Joe Bonsall of the Oak Ridge Boys: Author! Author!

Joe Bonsall of the Oak Ridge Boys: Author! Author!

Originally published in the October 26, 2015 issue of Country Weekly magazine. 

In THE FINAL PART of our four-part series on The Oak Ridge Boys, tenor Joe Bonsall fulfills his offstage calling by writing books and website essays.

The Oak Ridge Boys—Duane Allen, Joe Bonsall, William Lee Golden and Richard Sterban—represent four distinct personalities who have managed to blend together as one unified quartet for more than 40 years. Perhaps one reason for their longevity is that all four enjoy their own personal hobby that keeps them occupied and fulfilled when they’re not on the road or making music in the studio.

As the Oaks’ Oct. 25 Country Music Hall of Fame induction draws nigh, Nash Country Weekly brings you the final segment in the four-part series profiling each member and his own unique hobby. Here, tenor singer Joe Bonsall recalls how his love of reading led to his current offstage pursuit of writing books and essays.

As a kid growing up in the urban confines of Philadelphia, young Joe Bonsall used a finely tempered imagination to create his own world, inhabited by a colorful cast of heroes and arch-villains. “I have always been an avid reader,” says Joe, practically brimming with enthusiasm, which is his usual state. If there were no such term as “boundless energy,” it would have to be invented for the 67-year-old singer, who’s been with the Oaks for 42 years. “And I started writing books when I was a kid. At first, I wrote stories about make-believe baseball teams. I also had this superhero detective named Providence Joe, who was a Rhode Island Western gunfighter guy. I don’t even know how I came up with that,” Joe adds, letting go an extended laugh.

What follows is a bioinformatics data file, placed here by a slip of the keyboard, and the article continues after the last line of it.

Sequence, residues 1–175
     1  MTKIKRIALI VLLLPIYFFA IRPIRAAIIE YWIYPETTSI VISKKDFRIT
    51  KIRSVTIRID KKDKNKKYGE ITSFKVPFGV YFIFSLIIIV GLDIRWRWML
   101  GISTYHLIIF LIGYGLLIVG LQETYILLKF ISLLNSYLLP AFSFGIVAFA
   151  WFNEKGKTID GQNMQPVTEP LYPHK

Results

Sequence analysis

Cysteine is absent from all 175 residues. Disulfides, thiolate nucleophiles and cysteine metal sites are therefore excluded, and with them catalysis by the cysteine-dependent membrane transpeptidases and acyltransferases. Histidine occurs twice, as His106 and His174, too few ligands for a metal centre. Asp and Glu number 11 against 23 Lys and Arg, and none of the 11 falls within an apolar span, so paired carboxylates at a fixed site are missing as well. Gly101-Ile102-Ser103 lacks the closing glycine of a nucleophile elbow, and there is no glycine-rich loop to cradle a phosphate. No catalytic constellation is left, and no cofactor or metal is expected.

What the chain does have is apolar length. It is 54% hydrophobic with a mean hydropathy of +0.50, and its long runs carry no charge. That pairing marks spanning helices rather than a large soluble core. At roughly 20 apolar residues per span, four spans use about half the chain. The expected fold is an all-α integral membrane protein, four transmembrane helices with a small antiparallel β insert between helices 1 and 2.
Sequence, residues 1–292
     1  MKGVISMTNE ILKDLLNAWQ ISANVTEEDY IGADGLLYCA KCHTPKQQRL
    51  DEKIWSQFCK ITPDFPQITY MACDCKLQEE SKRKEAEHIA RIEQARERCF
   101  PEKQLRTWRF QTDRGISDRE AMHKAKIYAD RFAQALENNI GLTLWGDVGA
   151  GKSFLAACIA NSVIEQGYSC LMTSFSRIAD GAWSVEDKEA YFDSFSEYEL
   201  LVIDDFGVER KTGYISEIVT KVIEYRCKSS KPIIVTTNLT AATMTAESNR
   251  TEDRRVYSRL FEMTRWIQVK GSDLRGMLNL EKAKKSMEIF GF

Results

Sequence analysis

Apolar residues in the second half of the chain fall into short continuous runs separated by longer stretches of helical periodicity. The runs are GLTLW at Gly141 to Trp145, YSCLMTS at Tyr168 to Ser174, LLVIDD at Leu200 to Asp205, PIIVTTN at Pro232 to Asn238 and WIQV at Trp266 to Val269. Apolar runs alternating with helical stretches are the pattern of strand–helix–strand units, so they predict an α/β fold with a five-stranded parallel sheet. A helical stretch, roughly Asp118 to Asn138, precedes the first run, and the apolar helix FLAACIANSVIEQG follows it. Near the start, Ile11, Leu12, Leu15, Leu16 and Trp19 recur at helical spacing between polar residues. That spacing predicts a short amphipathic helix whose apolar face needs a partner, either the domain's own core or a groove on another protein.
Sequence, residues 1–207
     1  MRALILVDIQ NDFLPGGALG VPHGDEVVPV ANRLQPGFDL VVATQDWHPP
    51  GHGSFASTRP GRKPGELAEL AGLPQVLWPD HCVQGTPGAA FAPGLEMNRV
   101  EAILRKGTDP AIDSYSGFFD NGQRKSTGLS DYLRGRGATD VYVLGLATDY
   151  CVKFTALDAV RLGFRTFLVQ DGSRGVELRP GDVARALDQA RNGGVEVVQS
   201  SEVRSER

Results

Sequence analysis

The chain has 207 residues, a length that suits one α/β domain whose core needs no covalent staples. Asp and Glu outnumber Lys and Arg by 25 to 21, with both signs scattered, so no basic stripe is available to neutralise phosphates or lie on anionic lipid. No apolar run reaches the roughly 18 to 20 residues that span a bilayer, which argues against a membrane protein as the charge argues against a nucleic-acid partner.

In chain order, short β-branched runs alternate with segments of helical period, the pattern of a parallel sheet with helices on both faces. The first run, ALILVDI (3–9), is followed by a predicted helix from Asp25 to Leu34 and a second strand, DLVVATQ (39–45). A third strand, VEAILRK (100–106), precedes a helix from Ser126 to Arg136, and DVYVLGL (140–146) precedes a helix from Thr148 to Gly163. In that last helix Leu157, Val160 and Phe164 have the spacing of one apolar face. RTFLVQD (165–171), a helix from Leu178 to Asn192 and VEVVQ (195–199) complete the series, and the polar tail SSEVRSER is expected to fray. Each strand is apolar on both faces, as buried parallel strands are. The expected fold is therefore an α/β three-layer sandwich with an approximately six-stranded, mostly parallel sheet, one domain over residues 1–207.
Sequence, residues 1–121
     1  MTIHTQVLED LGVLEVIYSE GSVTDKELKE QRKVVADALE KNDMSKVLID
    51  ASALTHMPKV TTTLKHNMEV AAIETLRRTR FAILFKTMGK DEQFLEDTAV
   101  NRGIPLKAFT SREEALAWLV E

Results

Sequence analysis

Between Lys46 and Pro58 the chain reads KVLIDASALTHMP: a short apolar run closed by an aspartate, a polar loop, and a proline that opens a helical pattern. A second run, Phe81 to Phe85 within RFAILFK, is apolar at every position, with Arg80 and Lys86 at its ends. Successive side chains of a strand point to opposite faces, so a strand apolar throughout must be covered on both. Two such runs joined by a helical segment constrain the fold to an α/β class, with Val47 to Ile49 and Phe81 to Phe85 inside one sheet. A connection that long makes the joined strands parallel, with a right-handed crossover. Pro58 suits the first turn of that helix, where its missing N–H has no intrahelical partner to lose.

A budding Hemingway in the works? Well, not exactly. Young Joe, influenced by the dazzling harmonies of the Philly doo-wop groups and, believe it or not, Southern gospel singers, turned to music as his away-from-school savior. “I was not very good in school, to be honest, because I was so focused on music,” he recalls. “I was immersed in it. I never thought I would actually be a writer. In fact, if any of my teachers knew that I had a byline on anything, I’m sure they’d be twisting and turning in their graves.”

The cemeteries must be rocking around the clock today, because Joe has turned his youthful interest into a blooming second career. Under his formal name, Joseph S. Bonsall, Joe has authored 10 books, ranging from a children’s series to personal reflections and a couple of historical chronicles of The Oak Ridge Boys, written 11 years apart.

His first bylines came coincidentally as The Oak Ridge boys started to achieve some mainstream success after debuting on the country charts in the 1970s. “As the group became more known,” Joe says, “Country Music magazine would tap me once in a while to write an on-the-road piece/diary for them. Those were my first published pieces. Then, technology really started to hit and in the late ’80s, I bought my first laptop. That’s also when we bought our first cat, Molly. I loved that cat,” he adds with a toothy laugh.